Pro-impeachment Republicans face major test in primary election
Of the 10 Republicans who voted to impeach former President Trump last year, two are from Washington state.
- Now, U.S. Reps. Jaime Herrera Beutler (R-Battleground) and Dan Newhouse (R-Sunnyside) face challengers from the right who are angry over how the two lawmakers voted.
Why it matters: Whether Herrera Beutler and Newhouse survive their primary challenges will provide clues about the direction of the state's Republican Party — and whether those who buck Trump's influence still have a place in it.
What's happening: Herrera Beutler, who represents the 3rd Congressional District in Southwest Washington, was particularly outspoken after the Jan. 6 attack on the U.S. Capitol, decrying the former president's actions as inappropriate.
- Herrera Beutler's opponents now include three pro-Trump Republicans who have publicly disagreed with her impeachment vote: Vicki Kraft, a state representative; Joe Kent, a retired special forces officer; and Heidi St. John, a Christian author who promotes homeschooling.
- All have questioned the validity of the 2020 election and suggested without evidence that the vote was fraudulent.
Meanwhile, Newhouse faces six GOP challengers in Washington's 4th Congressional District.
- One is Loren Culp, who ran for governor in 2020 and later filed a baseless lawsuit alleging widespread election fraud — a claim he withdrew after the state threatened his lawyer with sanctions.
- Another Republican in the race, state Rep. Brad Klippert, has also questioned the 2020 election results.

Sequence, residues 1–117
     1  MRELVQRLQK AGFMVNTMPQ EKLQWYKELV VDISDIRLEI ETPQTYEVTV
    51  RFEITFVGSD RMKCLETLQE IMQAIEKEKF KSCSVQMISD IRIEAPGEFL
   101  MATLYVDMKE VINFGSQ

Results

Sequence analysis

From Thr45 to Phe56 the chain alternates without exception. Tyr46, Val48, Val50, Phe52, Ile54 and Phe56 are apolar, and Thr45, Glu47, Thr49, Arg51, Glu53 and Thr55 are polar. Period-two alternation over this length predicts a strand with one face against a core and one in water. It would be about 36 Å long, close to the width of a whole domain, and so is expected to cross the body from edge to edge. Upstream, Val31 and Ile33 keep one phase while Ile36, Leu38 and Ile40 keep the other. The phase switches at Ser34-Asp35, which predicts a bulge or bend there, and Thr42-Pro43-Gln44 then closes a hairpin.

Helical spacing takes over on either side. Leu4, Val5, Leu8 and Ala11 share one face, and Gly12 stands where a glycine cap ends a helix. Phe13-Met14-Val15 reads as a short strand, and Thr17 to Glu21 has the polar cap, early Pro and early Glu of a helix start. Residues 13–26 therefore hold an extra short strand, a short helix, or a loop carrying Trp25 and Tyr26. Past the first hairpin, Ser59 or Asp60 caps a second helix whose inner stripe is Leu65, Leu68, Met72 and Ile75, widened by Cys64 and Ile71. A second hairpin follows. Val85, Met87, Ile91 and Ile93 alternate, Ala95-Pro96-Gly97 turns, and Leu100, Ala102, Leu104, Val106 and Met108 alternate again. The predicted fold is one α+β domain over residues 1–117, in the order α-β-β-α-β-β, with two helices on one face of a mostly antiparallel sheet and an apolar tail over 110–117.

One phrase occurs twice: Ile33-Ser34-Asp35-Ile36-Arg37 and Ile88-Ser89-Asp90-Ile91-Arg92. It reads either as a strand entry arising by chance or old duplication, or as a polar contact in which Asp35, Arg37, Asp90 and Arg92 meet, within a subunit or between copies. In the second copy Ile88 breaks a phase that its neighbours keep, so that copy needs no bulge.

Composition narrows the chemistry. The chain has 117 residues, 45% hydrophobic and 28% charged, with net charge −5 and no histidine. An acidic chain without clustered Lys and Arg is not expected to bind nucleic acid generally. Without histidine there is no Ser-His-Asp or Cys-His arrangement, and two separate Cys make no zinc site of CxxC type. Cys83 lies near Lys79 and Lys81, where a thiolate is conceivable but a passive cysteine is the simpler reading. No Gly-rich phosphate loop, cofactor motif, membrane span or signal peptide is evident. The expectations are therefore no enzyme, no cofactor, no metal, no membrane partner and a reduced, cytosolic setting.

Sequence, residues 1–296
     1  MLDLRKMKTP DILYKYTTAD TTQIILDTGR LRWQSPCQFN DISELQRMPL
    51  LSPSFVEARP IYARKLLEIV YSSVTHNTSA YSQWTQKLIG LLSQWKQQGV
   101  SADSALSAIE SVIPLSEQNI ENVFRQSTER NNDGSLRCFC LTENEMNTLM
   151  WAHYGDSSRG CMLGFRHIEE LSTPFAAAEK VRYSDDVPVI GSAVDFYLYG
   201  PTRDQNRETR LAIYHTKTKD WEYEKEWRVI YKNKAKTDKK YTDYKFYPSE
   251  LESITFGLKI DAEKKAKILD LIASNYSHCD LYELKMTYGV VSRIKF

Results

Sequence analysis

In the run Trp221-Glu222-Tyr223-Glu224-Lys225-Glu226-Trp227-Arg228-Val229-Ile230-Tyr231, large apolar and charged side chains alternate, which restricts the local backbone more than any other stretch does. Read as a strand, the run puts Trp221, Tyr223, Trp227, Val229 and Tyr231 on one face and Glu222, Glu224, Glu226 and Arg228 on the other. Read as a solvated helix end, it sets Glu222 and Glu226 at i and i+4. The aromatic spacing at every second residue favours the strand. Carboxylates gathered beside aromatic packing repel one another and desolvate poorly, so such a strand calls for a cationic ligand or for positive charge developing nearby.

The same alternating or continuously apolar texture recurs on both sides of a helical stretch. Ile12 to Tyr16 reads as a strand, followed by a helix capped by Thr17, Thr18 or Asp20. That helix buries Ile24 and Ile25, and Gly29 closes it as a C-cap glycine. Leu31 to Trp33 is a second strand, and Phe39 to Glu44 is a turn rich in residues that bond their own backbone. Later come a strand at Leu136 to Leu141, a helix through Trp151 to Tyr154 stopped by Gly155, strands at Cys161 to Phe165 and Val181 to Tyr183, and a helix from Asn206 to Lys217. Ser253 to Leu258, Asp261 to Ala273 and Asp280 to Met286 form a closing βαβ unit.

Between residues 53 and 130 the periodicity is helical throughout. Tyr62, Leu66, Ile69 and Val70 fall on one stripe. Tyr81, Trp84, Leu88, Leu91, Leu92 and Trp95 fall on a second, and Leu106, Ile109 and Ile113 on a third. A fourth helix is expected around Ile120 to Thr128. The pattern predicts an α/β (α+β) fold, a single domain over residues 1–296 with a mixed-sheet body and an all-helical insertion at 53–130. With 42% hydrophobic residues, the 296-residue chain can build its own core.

- Both Klippert and Culp have criticized Newhouse's impeachment vote, as has Republican candidate Jarod Sessler, a Prosser businessman and former NASCAR driver.
State of play: In Washington's top-two primary system, voters aren't required to register by party and can vote for whichever candidate they prefer, regardless of affiliation.
- Because the two candidates who get the most votes in the primary move on to the general election, a Republican vs. Republican matchup is possible.
What they're saying: Peter Graves, a Republican consultant based in Washington state, told Axios the state's top-two primary system is likely to help Newhouse and Herrera Beutler.
- He said the Democrats running in each district aren't mounting particularly strong campaigns, making it more likely that some Democratic and independent voters will choose the two GOP incumbents.
Yes, but: Crystal Fincher, a local political consultant who works with Democrats, said the Republican base has moved further to the right since Herrera Beutler and Newhouse were first elected — plus, recent redistricting slightly changed the boundaries of their districts.
- "All of that does create a lot of uncertainty," Fincher said. "Wild things can happen in crowded, low-turnout primaries."
Flashback: Shortly after Newhouse and Herrera Beutler voted to impeach Trump for his role in the Jan. 6 riot, the state Republican Party passed a resolution expressing "particular disappointment" in them.
- Both lawmakers later voted for an independent commission to investigate the Jan. 6 attack on the Capitol.
- When the commission idea stalled, however, they voted against creating a select House committee to investigate.
- That committee has been holding public hearings this month, including on Thursday.
What's next: Ballots for the Aug. 2 primary election will be mailed to registered voters in mid-July.
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